The series Flying to the Ends of the Earth is fronted by 2012 Paralympics presenter Arthur Williams. A former royal marine paralysed in a car accident in his early 20s, Williams learned to fly (“Why would you let a small thing like not being able to feel two-thirds of your body get in the way?”), and was shown travelling by small plane to some of the most isolated regions of the globe. Did I say “plane”? These were such worryingly flimsy structures that they could have been made of graph paper by a bored pupil in the back of a year 10 geometry class.
If your nerves could cope, it was fascinating to watch Williams plane-hopping around assorted South Pacific islands – one devastated by a cyclone, another turned into a luxurious holiday resort costing $2,600 a night, and so on. Among the people Williams met were a village elder-cum -volcano-whisperer (seen attempting to talk the volatile Mount Yasur out of erupting), and a flying bush doctor who extracted a tooth while the whole village avidly watched as though it were a dental-themed West End show.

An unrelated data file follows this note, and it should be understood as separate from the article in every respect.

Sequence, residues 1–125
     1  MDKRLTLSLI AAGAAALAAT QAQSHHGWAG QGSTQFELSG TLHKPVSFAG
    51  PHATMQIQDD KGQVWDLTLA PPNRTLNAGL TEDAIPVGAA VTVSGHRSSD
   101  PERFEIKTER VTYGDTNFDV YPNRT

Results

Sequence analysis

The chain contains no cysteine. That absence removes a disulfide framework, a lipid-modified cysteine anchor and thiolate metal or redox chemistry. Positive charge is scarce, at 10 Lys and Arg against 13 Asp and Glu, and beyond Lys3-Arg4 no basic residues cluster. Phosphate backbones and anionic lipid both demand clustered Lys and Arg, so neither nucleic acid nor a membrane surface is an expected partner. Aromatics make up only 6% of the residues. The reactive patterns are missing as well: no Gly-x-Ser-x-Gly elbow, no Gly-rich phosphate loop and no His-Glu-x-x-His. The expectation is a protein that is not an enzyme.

There was a difficult moment when a village woman told Williams that she could cure his paralysis. (“Intense,” he admitted softly). However, Williams is such an engaging, upbeat presenter that half the time you forget he’s paralysed. It’s a sharp reminder to see his wheelchair dragging laboriously through soil or sand.